Intel needs its community to fight ZombieLoad

digital zombie

A vulnerability has been found in Intel chips that can be used to steal sensitive information directly from the processor, terrifyingly dubbed ZombieLoad.

Adding further fears, the hack also works on cloud servers, which could allow attackers to steal information from other virtual machines running on the same PC.

The initial report came from Michael Schwarz, Moritz Lipp and Daniel Gruss, researchers at the Graz University of Technology in Austria. The name is due to the way the hack "resurrects" private browsing history and other sensitive data.

"While programs normally only see their own data, a malicious program can exploit the fill buffers to get hold of secrets currently processed by other running programs," the researchers wrote.

"These secrets can be user-level secrets, such as browser history, website content, user keys and passwords, or system-level secrets, such as disk encryption keys. The attack does not only work on personal computers but can also be exploited in the cloud."

According to Intel, it knew about the issue first and has been working with the researchers all along. It also has a more technical (and less fun) name for the vulnerability - Microarchitectural Data Sampling, or MDS for short - which it said is already addressed at the hardware level in many of its recent 8th and 9th generation Intel Core processors, as well as the 2nd generation Intel Xeon Scalable processor family.

"These were first found by Intel and independently reported to us by other security researchers," said Bryan Jorgensen, senior director of product assurance and security group at Intel. "These techniques exploit speculative operations accessing data in the microarchitectural structures in the CPU to expose bits of information through a side channel.

"These structures are small and frequently overwritten. With a large enough data sample, time, or control of the target system's behaviour, however, MDS might provide an attacker with ways to glimpse pieces of information they shouldn't be able to see."

While there might seem cause to panic, Intel suggests that there are a number of considerations to keep in mind. Reassuringly, there are no known exploits of MDS outside of a research environment and according to Intel, doing so successfully in the real world is a complex undertaking.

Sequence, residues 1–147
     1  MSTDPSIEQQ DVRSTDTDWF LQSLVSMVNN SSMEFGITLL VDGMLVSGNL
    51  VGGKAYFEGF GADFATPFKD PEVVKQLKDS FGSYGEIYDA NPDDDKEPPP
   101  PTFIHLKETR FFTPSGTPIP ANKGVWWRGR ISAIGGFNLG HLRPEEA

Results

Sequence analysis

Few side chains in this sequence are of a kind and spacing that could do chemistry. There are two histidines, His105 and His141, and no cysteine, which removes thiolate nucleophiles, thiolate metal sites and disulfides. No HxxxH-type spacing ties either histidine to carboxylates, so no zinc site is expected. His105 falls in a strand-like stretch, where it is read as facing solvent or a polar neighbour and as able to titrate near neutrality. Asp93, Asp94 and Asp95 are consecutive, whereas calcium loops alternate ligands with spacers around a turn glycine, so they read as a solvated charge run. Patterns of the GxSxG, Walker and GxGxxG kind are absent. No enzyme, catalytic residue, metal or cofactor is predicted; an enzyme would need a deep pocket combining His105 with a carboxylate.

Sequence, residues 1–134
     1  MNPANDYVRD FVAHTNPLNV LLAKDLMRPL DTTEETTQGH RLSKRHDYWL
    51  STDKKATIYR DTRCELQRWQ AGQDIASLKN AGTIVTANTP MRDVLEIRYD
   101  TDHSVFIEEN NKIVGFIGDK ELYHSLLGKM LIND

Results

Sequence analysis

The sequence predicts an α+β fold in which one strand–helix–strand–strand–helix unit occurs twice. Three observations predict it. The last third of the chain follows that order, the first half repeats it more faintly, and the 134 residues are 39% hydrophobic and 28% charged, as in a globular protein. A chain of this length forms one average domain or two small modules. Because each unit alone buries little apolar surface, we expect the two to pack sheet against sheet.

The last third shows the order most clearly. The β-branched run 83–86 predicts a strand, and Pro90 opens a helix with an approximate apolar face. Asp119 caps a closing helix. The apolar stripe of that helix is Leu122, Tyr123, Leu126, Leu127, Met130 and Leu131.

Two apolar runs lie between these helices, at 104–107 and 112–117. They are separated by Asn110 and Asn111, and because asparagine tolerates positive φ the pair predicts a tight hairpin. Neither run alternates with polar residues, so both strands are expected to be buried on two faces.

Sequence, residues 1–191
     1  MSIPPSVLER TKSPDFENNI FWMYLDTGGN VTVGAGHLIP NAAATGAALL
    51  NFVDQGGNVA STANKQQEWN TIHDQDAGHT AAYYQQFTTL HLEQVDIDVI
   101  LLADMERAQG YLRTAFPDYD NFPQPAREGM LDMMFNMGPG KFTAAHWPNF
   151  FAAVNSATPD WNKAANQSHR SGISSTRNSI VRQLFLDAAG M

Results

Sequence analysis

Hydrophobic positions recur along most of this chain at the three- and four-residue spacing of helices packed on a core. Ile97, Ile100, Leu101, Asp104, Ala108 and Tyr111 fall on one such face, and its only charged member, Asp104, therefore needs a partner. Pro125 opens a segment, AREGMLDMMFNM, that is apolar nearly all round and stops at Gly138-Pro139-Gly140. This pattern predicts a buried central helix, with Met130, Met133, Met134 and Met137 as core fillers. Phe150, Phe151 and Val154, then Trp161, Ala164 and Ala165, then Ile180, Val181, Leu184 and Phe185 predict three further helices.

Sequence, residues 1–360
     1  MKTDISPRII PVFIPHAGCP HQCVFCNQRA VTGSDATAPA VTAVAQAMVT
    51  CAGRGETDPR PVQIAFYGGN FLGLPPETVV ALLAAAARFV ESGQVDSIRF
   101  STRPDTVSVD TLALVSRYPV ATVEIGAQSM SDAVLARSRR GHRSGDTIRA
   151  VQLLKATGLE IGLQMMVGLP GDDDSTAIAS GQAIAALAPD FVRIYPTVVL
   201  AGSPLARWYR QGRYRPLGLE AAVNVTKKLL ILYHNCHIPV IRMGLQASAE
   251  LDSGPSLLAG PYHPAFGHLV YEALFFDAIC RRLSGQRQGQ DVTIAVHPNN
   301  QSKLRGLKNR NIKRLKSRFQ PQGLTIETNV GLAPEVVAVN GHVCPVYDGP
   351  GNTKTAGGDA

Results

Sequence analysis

Even so, the company has released microcode updates to help address this potential risk. But, like most zombie films, where the community has to pull together to fight the hoards of undead, Intel is seeking help from its community of manufacturers and customers. Its patches come in the form of a firmware update from system manufacturers that gives your computer's software the ability to overwrite those small structures. These work together alongside updates from OS or virtualisation software providers, meaning users will also need to help protect systems by updating their PCs.

ZombieLoad was one of three security exploits that researchers spotted, with Fallout and Rogue In-Flight Data Load (RIDL) being the other two, but as Intel stated, there hasn't been any reported exploits of any of them. It also appears to be only Intel chips as close rivals AMD said its products were not susceptible to 'Fallout', 'RIDL' or 'ZombieLoad Attack' because of the hardware protection checks in its architecture.

"We have not been able to demonstrate these exploits on AMD products and are unaware of others having done so," the semiconductor firm said.

This swift action from Intel shows it has learned from previous security controversies, such as the Meltdown and Spectre flaws that resulted in 32 class action lawsuits aimed at the chip maker.

Bobby Hellard

Bobby Hellard is ITPro's Reviews Editor and has worked on CloudPro and ChannelPro since 2018. In his time at ITPro, Bobby has covered stories for all the major technology companies, such as Apple, Microsoft, Amazon and Facebook, and regularly attends industry-leading events such as AWS Re:Invent and Google Cloud Next.

Bobby mainly covers hardware reviews, but you will also recognize him as the face of many of our video reviews of laptops and smartphones.